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How To Survive a Poltergeist


When your family is the victim of the unseen forces of a poltergeist, the solution might surprise you

KNOCKS ON WALLS, objects thrown about by unseen hands, furniture moved around by the invisible, water dripping inexplicably from ceilings where no pipes are hidden, even small fires breaking out. These are classic manifestations of what has become known as poltergeist activity.

As the word itself implies (poltergeist translated from the German means "noisy ghost") such manifestations were long thought to be the mischievous pranks of spirits or, more frightening, the malevolent works of demons. Most researchers today, however, theorize that poltergeist activity is not the work of spirits (either impish or evil) at all. Thanks largely to the work of parapsychologist William G. Roll in the 1950s and '60s, they are now commonly understood to be psychokinetic manifestations produced by living persons. (Psychokinesis refers to things being moved solely by the power of the mind.)


Roll called it "recurrent spontaneous psychokinesis" or RSPK and found that the paranormal activity could almost always be traced to a person, clinically labeled an "agent." This agent, although a victim of the puzzling and sometimes frightening activity, is unaware that he or she is actually the cause of it. By some mechanism that is still not understood, the activity arises out of the unconscious or subconscious of the individual in response to emotional stress or trauma.

So little is really known about the human brain and mind, but somehow the psychological stresses suffered by this agent produce effects in the surrounding physical world: pounding on the walls of a house, a book flying off a shelf, glowing orbs zipping across a room, heavy furniture sliding across the floor - perhaps even audible voices. In some rare cases the manifestations can turn violent, producing scratches on skin, shoves and slaps. So powerful is the unconscious mind under stress.

One possible and famous historical case is that of The Bell Witch from the early 19th century. This was a case of severe poltergeist phenomena that centered around young Betsy Bell. The activity, then attributed to a "witch", threw things around the Bell home, moved furniture, and pinched and slapped the children, according to eyewitnesses. Betsy Bell appears to have been the agent in this instance. It has been suggested (although never proved) in two films about the case - The Bell Witch Haunting and An American Haunting - that Betsy was under profound emotional stress brought about by sexual abuse from her father, John Bell. It's interesting to note that John Bell became a special victim of the "witch", who was blamed for his sickness and death. Was this a case of Betsy's unconscious exacting revenge?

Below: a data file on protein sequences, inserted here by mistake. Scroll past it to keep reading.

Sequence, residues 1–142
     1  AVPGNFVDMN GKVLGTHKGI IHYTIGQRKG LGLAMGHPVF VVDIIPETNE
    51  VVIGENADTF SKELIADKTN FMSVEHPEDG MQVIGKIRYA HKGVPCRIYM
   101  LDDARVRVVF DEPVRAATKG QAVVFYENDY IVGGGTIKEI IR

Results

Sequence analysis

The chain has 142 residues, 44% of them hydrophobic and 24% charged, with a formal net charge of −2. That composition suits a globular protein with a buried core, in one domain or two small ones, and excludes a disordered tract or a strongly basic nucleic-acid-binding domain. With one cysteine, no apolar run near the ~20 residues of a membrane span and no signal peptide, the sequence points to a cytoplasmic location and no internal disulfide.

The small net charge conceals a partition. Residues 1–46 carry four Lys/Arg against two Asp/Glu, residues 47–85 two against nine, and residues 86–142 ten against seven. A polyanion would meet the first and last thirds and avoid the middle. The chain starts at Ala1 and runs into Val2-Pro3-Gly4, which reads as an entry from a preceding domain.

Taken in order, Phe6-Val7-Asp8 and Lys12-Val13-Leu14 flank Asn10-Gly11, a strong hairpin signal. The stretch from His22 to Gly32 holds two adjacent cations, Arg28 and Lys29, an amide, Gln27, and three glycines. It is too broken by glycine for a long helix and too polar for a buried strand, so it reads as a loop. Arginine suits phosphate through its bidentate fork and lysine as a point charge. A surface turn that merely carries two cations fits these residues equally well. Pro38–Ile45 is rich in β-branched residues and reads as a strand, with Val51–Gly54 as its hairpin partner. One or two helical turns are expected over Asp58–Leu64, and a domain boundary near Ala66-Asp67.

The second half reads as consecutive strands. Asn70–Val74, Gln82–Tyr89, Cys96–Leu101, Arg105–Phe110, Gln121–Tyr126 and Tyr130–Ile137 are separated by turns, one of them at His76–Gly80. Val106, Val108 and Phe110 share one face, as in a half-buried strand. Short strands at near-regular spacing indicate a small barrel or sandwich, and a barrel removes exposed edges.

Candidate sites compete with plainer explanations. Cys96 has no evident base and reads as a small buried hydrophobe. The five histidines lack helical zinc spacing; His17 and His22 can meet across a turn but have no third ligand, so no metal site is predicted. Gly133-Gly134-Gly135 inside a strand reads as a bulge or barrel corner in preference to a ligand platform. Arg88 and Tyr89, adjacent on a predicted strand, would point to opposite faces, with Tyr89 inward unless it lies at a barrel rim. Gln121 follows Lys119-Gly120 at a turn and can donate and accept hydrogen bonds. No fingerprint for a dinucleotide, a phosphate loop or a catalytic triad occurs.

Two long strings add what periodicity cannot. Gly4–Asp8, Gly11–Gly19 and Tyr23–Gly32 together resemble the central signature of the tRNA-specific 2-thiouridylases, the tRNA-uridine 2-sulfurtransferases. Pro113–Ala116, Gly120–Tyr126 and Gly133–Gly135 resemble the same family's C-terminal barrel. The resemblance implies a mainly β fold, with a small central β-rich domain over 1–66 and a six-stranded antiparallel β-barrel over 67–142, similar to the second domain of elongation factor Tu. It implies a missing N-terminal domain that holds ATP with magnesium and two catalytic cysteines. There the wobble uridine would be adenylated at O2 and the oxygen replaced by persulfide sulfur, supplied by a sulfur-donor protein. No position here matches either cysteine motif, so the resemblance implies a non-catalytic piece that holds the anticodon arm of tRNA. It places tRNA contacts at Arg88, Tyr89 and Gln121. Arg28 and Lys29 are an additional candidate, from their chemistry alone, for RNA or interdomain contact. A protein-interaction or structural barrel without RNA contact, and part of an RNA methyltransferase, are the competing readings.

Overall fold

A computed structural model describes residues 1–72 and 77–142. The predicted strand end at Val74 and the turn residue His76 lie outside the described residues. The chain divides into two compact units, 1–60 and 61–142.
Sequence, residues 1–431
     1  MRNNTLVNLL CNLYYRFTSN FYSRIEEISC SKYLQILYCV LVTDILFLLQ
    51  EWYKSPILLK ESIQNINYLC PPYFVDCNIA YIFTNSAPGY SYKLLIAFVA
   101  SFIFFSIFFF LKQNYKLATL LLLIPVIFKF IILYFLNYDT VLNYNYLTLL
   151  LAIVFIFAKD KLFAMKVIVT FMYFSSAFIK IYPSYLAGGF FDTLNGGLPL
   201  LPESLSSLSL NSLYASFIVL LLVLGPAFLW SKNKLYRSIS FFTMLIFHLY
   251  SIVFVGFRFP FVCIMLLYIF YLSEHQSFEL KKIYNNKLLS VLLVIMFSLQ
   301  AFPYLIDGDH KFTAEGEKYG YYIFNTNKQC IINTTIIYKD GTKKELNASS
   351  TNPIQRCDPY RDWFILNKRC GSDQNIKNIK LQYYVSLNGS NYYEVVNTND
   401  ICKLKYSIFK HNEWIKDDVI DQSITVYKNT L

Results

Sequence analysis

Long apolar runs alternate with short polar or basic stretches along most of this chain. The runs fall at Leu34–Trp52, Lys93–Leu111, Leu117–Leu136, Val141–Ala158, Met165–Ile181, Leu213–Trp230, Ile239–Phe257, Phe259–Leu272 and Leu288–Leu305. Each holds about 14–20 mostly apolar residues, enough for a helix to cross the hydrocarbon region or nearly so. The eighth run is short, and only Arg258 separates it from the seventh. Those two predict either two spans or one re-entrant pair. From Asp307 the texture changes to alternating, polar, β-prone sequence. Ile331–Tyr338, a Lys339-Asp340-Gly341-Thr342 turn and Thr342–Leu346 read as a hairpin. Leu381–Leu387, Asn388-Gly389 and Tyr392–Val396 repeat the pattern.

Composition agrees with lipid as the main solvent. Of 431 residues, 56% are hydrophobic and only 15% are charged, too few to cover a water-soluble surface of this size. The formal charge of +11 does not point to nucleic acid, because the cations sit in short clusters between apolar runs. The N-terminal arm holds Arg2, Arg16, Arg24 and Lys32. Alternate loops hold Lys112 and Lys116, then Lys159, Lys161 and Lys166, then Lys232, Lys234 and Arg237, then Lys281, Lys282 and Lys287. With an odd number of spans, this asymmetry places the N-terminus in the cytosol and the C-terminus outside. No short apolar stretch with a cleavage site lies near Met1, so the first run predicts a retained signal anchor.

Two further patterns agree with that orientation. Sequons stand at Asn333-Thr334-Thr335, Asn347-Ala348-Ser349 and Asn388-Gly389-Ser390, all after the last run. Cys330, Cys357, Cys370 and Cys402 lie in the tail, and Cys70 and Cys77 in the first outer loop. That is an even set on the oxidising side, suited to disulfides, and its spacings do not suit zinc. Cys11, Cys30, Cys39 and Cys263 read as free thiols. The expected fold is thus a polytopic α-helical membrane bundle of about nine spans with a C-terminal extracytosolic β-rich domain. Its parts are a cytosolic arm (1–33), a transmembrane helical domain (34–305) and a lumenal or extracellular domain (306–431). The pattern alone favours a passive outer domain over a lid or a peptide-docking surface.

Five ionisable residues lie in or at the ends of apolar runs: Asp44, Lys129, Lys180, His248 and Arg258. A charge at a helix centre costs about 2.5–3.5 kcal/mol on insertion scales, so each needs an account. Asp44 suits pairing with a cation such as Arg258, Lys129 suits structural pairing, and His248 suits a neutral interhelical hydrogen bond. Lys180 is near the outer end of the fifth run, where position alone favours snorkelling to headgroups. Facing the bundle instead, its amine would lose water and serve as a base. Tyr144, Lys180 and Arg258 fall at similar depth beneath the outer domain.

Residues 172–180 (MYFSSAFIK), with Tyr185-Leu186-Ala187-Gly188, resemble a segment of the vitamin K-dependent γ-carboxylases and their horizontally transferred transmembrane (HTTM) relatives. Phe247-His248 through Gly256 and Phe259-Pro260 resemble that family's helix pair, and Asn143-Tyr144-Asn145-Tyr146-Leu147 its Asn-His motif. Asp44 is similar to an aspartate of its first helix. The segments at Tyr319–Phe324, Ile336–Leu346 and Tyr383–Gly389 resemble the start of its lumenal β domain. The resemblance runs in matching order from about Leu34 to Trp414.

Poltergeist agents are very often adolescents, but not always. It seems true that some adolescents under the combined stresses of growing up and the hormonal changes occurring during puberty can produce poltergeist activity, but adults under stress can be agents as well - especially, perhaps, if they have unresolved stresses from childhood.

It is unknown how common poltergeist activity is. Certainly, remarkable cases in which household objects are tossed about are relatively rare. But those are the cases that get attention and are documented simply because they are remarkable, especially if the activity persists over many days, weeks or months. There may be many more cases, however, that occur just once or on rare occasions to people. A child furious with his parents storms into his room and a picture flies off the wall. A couple having a heated argument is interrupted by a pot inexplicably falling to the floor. These and a thousand other possible scenarios could be taking place all the time to temporary poltergeist agents, but are dismissed as coincidence or with some other rational explanation. (Indeed, in many instances it might be just coincidence or have another rational explanation; the point is, we don't know.)


There is ample documentation that poltergeist activity does take place, in various levels of severity and for various lengths of time. Many cases have been documented by such researchers as Hans Holzer, Brad Steiger and others (their books are available in libraries and bookstores), and I have recounted a few notable cases in my articles, "Poltergeists: Three Famous Cases" and "The Terrifying Amherst Poltergeist". Readers have submitted stories of their poltergeist experiences as well, and you can find many of them here.

So if you have poltergeist activity in your home, what should you do?

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